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Jim Jarmusch is an overrated NYC hipster who can't write and can hardly direct. His great skill is in networking and convincing otherwise interesting actors, musicians, and sycophants to appear in his films. Anything good in his films is accidental, and the parts of them are uniformly greater than the sum. His soundtracks are almost always better than the films themselves (case in point: Broken Flowers) and I'll admit that he has fantastic taste in music. Having great taste and cool friends does not make you a good director though.

 

I suppose Dead Man should be canon for its Neil Young soundtrack, but even RZA's music can't save the joke that is Ghost Dog. Parts of Night on Earth are fun, even less parts of Coffee and Cigarettes are worth watching.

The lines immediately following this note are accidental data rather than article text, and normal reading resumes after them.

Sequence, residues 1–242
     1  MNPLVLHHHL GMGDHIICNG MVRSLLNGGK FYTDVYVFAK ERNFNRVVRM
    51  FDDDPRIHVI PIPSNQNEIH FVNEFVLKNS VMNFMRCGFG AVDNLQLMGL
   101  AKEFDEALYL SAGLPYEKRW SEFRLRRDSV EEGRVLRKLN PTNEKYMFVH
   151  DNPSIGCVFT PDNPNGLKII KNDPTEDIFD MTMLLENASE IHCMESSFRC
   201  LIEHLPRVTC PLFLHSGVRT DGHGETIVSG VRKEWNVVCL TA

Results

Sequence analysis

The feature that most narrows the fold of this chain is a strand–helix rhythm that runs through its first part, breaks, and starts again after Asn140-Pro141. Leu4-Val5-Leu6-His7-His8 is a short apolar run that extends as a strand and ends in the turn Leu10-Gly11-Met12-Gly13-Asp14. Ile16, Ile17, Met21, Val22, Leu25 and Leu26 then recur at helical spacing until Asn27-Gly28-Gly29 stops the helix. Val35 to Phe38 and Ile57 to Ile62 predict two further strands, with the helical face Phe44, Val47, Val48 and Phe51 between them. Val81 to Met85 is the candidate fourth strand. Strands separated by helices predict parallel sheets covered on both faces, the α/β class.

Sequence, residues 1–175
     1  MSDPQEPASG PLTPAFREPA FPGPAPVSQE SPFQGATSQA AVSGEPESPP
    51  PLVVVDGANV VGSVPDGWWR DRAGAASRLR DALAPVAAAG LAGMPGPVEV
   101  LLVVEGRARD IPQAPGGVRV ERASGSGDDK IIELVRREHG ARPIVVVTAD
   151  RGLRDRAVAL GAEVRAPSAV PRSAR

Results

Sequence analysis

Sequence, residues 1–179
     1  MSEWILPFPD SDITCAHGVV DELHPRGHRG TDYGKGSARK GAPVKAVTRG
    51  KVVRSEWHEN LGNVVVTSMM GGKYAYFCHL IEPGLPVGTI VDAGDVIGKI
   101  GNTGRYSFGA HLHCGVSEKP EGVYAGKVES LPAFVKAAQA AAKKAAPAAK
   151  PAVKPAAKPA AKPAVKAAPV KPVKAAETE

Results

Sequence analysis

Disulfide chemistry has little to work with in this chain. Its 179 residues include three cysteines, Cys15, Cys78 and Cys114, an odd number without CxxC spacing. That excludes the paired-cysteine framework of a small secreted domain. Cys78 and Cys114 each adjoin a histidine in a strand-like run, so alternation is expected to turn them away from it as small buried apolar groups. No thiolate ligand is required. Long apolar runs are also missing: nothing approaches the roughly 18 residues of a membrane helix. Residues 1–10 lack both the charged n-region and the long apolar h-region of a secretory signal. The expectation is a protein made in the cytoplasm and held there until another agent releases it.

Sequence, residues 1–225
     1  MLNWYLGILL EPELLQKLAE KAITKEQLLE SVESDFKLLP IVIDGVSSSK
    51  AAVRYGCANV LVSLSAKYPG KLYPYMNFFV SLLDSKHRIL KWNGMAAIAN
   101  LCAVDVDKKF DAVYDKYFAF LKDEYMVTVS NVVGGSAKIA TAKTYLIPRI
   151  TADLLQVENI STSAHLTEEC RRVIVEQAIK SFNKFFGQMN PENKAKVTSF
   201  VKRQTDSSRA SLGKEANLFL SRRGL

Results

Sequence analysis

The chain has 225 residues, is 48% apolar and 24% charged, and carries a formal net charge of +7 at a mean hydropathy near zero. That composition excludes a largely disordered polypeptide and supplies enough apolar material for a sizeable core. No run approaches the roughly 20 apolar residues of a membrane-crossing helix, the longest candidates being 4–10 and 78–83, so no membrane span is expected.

The fact that he has a career today just shows how far a cool hairdo will get you.

 

Damn. It almost sounds like you have a personal grudge against the guy... and maybe against the city of New York.

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Love Jarmusch. He's a love or hate him I guess. I have friends who can't bear to watch his films Ghost Dog and Dead Man are great but I also wouldn't mind seeing Down By Law nominated.

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Damn. It almost sounds like you have a personal grudge against the guy... and maybe against the city of New York.